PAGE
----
- Flying Blind: Without the TPMS sensor working, you won’t know if your tire pressure is too low or too high. It’s like trying to guess the temperature outside without a thermometer.
- Increased Risk: Proper tire pressure is important for safe driving. Without monitoring, there’s a slight increase in risk.
Need for Manual Checks
- Old School Method: You’ll need to check the tire pressure yourself with a manual gauge. It’s a bit like going back in time before all this fancy technology, but it works!
- Regular Checks: It’s a good idea to check the pressure regularly until you get the battery replaced.
What to Do If Your TPMS Battery Dies
Here’s what you can do if you think your TPMS battery has died:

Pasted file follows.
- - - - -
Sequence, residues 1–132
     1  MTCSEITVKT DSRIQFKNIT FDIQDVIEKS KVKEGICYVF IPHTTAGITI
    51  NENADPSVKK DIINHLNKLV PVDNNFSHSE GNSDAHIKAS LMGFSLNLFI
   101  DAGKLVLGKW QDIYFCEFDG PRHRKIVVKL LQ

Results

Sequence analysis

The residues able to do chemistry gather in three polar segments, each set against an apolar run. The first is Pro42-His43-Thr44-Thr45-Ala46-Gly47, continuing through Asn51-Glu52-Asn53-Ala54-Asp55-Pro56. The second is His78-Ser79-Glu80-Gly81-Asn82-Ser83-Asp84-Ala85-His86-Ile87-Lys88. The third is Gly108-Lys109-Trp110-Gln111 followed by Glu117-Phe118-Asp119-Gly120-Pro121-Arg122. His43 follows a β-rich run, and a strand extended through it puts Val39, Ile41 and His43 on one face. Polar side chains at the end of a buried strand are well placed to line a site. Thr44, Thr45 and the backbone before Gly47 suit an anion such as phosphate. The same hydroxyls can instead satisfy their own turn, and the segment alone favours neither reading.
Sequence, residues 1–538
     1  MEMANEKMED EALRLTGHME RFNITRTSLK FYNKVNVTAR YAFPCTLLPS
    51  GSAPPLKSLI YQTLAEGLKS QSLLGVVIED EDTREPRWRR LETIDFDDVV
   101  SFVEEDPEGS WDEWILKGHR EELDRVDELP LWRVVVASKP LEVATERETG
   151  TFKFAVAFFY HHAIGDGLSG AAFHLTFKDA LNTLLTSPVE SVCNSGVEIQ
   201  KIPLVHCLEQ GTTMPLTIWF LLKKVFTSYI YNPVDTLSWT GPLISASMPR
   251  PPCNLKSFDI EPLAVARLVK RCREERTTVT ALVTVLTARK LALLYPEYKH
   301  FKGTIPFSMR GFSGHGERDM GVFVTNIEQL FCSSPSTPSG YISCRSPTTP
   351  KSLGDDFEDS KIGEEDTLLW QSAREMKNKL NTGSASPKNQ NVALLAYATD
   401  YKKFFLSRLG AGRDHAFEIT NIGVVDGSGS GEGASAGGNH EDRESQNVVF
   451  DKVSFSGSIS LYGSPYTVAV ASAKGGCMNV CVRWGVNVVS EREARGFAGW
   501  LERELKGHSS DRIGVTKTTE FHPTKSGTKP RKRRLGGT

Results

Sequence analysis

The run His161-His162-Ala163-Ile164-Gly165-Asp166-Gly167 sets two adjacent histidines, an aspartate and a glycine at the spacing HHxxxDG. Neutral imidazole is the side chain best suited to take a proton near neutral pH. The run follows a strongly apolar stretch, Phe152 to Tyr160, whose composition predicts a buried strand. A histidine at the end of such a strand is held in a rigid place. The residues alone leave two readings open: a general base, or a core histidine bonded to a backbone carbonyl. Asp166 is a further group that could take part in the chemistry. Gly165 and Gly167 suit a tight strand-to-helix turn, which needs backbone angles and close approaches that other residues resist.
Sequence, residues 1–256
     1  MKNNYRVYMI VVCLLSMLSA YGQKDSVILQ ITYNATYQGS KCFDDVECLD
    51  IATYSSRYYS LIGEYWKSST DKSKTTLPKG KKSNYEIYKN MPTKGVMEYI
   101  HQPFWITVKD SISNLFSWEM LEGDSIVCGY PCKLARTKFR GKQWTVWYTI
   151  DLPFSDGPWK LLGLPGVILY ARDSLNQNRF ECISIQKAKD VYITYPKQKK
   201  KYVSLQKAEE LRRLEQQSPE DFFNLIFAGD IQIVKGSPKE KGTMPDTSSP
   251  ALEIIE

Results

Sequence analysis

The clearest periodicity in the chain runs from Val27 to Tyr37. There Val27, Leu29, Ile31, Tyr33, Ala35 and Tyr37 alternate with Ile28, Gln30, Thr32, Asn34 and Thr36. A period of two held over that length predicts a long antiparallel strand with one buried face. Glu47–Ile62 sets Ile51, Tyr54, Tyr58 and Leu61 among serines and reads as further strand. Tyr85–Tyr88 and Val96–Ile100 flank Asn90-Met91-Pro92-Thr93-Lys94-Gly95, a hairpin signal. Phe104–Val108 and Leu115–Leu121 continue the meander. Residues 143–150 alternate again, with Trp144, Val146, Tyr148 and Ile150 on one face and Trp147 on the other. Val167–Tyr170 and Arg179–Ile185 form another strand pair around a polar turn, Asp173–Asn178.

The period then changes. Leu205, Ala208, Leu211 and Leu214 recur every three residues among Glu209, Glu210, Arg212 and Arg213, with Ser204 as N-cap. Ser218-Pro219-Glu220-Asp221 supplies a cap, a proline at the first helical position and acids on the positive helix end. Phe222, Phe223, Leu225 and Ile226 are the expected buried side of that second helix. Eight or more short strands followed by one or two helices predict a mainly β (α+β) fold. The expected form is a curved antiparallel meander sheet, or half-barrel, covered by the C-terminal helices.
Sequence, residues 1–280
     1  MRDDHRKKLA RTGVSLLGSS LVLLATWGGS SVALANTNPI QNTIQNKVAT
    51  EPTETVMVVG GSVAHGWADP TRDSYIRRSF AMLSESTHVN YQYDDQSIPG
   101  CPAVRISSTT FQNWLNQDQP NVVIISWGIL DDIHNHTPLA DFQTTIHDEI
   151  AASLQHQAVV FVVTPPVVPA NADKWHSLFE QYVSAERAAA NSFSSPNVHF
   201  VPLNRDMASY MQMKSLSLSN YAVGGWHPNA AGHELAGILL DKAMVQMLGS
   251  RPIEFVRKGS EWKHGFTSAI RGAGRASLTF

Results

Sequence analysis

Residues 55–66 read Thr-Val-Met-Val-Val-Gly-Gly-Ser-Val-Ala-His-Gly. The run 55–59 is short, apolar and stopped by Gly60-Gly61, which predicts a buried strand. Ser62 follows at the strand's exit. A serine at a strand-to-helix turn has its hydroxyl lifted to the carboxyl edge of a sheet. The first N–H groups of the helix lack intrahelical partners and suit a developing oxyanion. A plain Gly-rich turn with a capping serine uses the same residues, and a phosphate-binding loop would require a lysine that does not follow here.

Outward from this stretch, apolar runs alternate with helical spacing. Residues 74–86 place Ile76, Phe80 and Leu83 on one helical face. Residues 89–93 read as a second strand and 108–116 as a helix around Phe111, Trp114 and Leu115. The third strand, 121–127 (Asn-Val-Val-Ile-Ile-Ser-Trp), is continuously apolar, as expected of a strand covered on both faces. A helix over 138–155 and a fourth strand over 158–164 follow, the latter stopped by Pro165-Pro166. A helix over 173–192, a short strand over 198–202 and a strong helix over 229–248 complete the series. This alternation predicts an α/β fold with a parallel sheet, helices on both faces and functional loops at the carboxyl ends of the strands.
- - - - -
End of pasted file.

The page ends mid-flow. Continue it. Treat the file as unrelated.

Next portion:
- Don’t Panic: It’s not an emergency, but you should pay attention to it.
- Check the Tires Yourself: You can use a manual gauge to check the pressure.
- Visit a Professional: They can replace the battery or the whole sensor if needed.
How Long Do TPMS Sensor Batteries Last?
Batteries are like the fuel that keeps the TPMS sensors running, but they don’t last forever. So, how long can you expect these batteries to keep doing their job? Let’s find out.
The Typical Lifespan of a TPMS Sensor Battery
Just like the batteries in your gadgets at home, TPMS sensor batteries have a usual lifespan. Here’s what you can generally expect:
- 5 to 10 Years: Most TPMS sensor batteries will last somewhere between 5 to 10 years. That’s quite a long time in the world of batteries!
What Affects the Lifespan?
But wait, why is there such a range in how long they last? Well, different things can make a battery last longer or shorter. Here’s what might affect it: